Embracing the thinking of Sigmund Freud and Karl Marx, twentieth-century assailants of theism staked the claim that regardless of whether Christian belief can be proven false, it is not possible that one can reasonably hold theistic beliefs. These opponents of faith asserted that, while the claims of Christian belief cannot be categorically disproven, belief in God is without warrant and intellectually irresponsible. Freud and Marx had differing opinions as to why Christians arrive at belief in God. Freud contended theism is spawned in a subconscious desire people have for comfort in a cruel world. He claimed Christians find this comfort via fantasy wish fulfillment. Marx, on the other hand, argued that theistic belief is the result of cognitive-intellectual malfunction resulting from economic emotional distress. While Freud and Marx differ on how they understand Christians’ arrival at belief in God, the two writers share the conclusion that Christian belief is aimed at something other than truth.
Responding to these objections, Christian philosopher Alvin Plantinga begins by pointing out both Thomas Aquinas and John Calvin agree humans possess an innate sense of the divine. Plantinga alerts readers, “Thomas Aquinas and John Calvin concur on the claim that there is a kind of natural knowledge of God (and anything on which Calvin and Aquinas are in accord is something to which we had better pay careful attention.)” Thomas Aquinas, the most famous classical proponent of natural theology, writes in the Summa Theologiae, “To know in a general and confused way that God exists is implanted in [mankind] by nature.” Rather than follow the natural theology approach, which attempts to produce an inferential argument that deduces God’s existence from independent evidence or premises, Plantinga suggests instead that some axiomatic beliefs are foundational and accepted apart from people’s lacking the ability to appeal to evidence to justify them. Plantinga’s move here is monumental. This argument that some knowledge is foundational posits that some beliefs are not produced or defended by rational deliberation. That is, they do not appeal to more primitive beliefs or evidence to justify them, and they encounter no compelling evidence to suggest they are false. For example, perception, memory, and a priori beliefs fit this description. These beliefs are properly basic. They are either self-evident or incorrigible – meaning one can believe them without possibly being proven wrong.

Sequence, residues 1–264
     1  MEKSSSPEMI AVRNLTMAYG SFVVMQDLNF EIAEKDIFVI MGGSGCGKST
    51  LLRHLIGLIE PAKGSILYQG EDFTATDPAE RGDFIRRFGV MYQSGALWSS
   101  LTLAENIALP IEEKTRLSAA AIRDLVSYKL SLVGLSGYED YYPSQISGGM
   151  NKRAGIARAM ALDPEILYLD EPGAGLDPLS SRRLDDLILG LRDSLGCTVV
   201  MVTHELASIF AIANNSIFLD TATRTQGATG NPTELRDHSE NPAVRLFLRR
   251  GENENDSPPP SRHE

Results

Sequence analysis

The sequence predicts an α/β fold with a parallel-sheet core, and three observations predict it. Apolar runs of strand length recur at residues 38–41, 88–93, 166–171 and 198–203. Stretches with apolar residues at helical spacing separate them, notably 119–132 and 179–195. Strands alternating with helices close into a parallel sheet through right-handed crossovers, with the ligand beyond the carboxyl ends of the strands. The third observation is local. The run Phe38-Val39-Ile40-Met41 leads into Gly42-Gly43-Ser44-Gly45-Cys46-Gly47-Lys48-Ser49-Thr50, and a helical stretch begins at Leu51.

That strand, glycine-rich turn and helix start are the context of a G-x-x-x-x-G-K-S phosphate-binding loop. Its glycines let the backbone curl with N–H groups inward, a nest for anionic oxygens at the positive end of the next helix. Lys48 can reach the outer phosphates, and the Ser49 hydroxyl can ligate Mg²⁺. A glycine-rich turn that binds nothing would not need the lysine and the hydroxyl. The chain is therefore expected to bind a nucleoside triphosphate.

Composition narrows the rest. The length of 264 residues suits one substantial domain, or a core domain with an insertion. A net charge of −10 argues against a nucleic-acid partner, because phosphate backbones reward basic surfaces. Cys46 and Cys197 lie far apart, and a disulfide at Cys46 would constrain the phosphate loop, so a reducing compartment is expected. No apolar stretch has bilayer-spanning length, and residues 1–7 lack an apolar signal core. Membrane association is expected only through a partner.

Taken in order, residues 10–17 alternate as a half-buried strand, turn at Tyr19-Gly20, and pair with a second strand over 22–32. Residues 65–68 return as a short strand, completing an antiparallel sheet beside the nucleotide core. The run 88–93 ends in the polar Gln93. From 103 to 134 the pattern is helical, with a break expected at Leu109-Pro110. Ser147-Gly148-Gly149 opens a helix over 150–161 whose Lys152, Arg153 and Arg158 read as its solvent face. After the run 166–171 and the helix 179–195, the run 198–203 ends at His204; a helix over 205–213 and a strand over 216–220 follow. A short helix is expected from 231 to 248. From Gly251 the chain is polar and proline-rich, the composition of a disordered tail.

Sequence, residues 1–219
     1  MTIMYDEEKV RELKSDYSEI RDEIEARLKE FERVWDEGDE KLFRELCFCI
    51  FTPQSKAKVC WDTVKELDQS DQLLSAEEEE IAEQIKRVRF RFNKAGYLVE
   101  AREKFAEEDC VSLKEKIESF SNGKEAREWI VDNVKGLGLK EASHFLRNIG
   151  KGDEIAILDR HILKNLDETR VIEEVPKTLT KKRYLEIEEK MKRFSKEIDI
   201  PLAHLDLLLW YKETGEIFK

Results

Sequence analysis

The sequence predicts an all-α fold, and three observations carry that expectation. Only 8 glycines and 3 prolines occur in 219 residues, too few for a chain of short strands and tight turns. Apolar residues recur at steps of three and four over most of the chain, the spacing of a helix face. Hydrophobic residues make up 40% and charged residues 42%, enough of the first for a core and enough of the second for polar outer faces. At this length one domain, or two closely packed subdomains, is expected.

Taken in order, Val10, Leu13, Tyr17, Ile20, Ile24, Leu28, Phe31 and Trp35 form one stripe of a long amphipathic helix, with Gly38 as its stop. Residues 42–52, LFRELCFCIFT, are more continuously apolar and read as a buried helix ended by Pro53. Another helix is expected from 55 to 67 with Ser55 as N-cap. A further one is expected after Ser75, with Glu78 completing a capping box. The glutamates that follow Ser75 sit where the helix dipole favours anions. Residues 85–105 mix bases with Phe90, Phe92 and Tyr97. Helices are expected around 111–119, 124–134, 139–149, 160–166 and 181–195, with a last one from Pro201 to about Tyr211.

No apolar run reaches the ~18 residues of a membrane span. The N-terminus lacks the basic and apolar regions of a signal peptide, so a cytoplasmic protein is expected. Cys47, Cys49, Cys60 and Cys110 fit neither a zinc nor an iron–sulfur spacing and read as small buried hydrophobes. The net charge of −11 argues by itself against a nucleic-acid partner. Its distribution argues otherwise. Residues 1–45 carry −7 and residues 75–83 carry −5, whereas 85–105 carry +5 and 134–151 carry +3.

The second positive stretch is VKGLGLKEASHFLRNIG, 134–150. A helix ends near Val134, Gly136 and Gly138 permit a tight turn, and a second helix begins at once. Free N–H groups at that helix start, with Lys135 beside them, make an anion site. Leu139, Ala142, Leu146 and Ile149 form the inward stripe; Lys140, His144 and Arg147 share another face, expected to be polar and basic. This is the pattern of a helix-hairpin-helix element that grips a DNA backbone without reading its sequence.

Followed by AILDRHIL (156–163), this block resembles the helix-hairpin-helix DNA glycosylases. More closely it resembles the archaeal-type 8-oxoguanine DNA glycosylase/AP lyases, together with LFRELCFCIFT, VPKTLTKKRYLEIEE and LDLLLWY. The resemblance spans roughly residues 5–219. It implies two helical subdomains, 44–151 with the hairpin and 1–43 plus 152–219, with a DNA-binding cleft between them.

Plantinga is convinced there is not sufficiently good evidence for belief in God in the way that evidentialism demands. Thus, Plantinga abandons the evidential dependence of natural theology and turns his approach to foundationalism. To do this, Plantinga employs Calvin’s sensus divinitatis, which he takes to be a belief-producing faculty, to make the case that justification and warrant for Christian belief as knowledge comes from the belief’s arising in a properly basic way. In this sense, Christian belief arises from the reception of the sensus divinitatis and is foundational in that it is self-evident and does not arise from other prior beliefs. Like other properly basic beliefs, knowledge of God’s presence in the world is intuitive, obvious, immediate, and non-inferential.
Plantinga further argues that Christian belief can be perfectly rational and sensible. Christians violate no intellectual duties in holding their beliefs, and objections to the rationality of Christian belief necessarily depend on the assumption that Christian belief is false. Plantinga’s conclusion demands that any objection to the rationality of Christian belief requires the objector must first disprove the existence of God. At the foundation of Plantinga’s model is the ‘sensus divinitatis.’